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Which one of these examples of anatomy is responsible for circulating blood?
This is really just a test to make sure you are a human.

Ghost Medical logo stamped into paper


What would be the first question you would ask Bob Dylan if you were to meet him?

Do you use toilet paper or floss?




Today is November 6th, 2022, the day of the SAO Incident.  Thousands of VRMMORPG gamers were trapped by a mad scientist inside a death game that could only be escaped through completion.  If their hit points dropped to zero, their brain would be bombarded by extraordinarily powerful microwaves, supposedly killing the user.  The same would happen if anyone in the real world tampered with their NerveGear, the virtual reality head-mounted-display that transported their minds and souls to Aincrad, the primary setting of Sword Art Online.

This type of scenario has been a staple of science-fiction for decades, but Sword Art Online exploded in popularity at exactly the right time to have a massive impact on the real world.  The already-popular web novel was adapted into an anime series that aired just as the Oculus Rift went from internet forum curiosity for turbonerds to siren of the games industry, endorsed by giants like John Carmack, Gabe Newell, and Cliff Bleszinski – the 4th episode of SAO, “The Black Swordsman” (黒の剣士) aired in Japan just as the Kickstarter for the Oculus Rift DK1 launched!

The popularity of SAO led to massive otaku enthusiasm for Oculus, especially in Japan, which quickly became our 2nd largest market.  In turn, the existence of the Rift made SAO itself seem far more plausible and grounded – a story that had been written in a world where VR was a dead technology was now straight out of the gamer hype headlines.  This synergy had meaningful impact on our dev kit sales and adoption – literally thousands of people reached out to me asking variations of “Have you seen Sword Art Online?  When will you make the NerveGear real?!”.  The Oculus SDK was the closest thing to SAO’s World Seed, a software tool that enabled anyone to create incredible VR worlds.

There are dozens of stories I could tell, many of them worth a post of their own.  How we ended up with a Kirito mural on the wall of the first Oculus office, how it was eventually moved to Facebook HQ, why it was removed shortly after I was fired.  Personally showing Oculus DK2 to Reki Kawahara at Anime Expo, my wife meeting him while cosplaying as Sinon at the next Anime Expo, getting into minutiae of SAO canon at the Hollywood premiere of SAO: Ordinal Scale, the audience screaming as Yuuki came back from the dead to perform a two-user Mother’s Rosario attack combo with Asuna against the 100th floor boss of Aincrad.  Arguing with people who only watched the anime about the supposed plot and tech holes, explaining that the anime was only ever meant to act as a companion piece for fans of the novel series that so frequently predicts the future of AR, VR, AI, and more.  The beautiful wedding gift from Kawahara-san that shows he is a double-threat writer/artist combo!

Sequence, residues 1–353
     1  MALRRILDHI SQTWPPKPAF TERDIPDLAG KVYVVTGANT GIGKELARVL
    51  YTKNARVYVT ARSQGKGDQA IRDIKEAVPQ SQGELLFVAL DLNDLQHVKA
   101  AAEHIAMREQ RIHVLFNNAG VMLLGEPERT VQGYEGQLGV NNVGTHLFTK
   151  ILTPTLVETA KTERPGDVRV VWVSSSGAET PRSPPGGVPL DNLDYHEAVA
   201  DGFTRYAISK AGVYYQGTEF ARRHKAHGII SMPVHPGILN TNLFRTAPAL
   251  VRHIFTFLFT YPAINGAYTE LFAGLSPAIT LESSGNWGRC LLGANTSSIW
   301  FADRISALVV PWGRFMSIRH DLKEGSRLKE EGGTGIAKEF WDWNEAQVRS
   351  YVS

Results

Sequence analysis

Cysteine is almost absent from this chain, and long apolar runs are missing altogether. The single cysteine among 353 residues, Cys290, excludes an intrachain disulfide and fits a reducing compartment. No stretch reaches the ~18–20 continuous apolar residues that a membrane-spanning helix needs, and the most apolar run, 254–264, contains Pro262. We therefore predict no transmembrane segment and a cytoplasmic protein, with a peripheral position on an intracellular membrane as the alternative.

But that isn’t what you are here for.  You want NerveGear, the incredible device that perfectly recreates reality using a direct neural interface that is also capable of killing the user.  The idea of tying your real life to your virtual avatar has always fascinated me – you instantly raise the stakes to the maximum level and force people to fundamentally rethink how they interact with the virtual world and the players inside it.  Pumped up graphics might make a game look more real, but only the threat of serious consequences can make a game feel real to you and every other person in the game.  This is an area of videogame mechanics that has never been explored, despite the long history of real-world sports revolving around similar stakes.

The good news is that we are halfway to making a true NerveGear  The bad news is that so far, I have only figured out the half that kills you.  The perfect-VR half of the equation is still many years out.

In SAO, the NerveGear contained a microwave emitter that could be overdriven to lethal levels, something the creator of SAO and the NerveGear itself (Akihiko Kayaba) was able to hide from his employees, regulators, and contract manufacturing partners.  I am a pretty smart guy, but I couldn’t come up with any way to make anything like this work, not without attaching the headset to gigantic pieces of equipment.  In lieu of this, I used three of the explosive charge modules I usually use for a different project, tying them to a narrow-band photosensor that can detect when the screen flashes red at a specific frequency, making game-over integration on the part of the developer very easy.  When an appropriate game-over screen is displayed, the charges fire, instantly destroying the brain of the user.

This isn’t a perfect system, of course.  I have plans for an anti-tamper mechanism that, like the NerveGear, will make it impossible to remove or destroy the headset.  Even so, there are a huge variety of failures that could occur and kill the user at the wrong time.  This is why I have not worked up the balls to actually use it myself, and also why I am convinced that, like in SAO, the final triggering should really be tied to a high-intelligence agent that can readily determine if conditions for termination are actually correct.

At this point, it is just a piece of office art, a thought-provoking reminder of unexplored avenues in game design.  It is also, as far as I know, the first non-fiction example of a VR device that can actually kill the user.  It won’t be the last.

See you in the metaverse.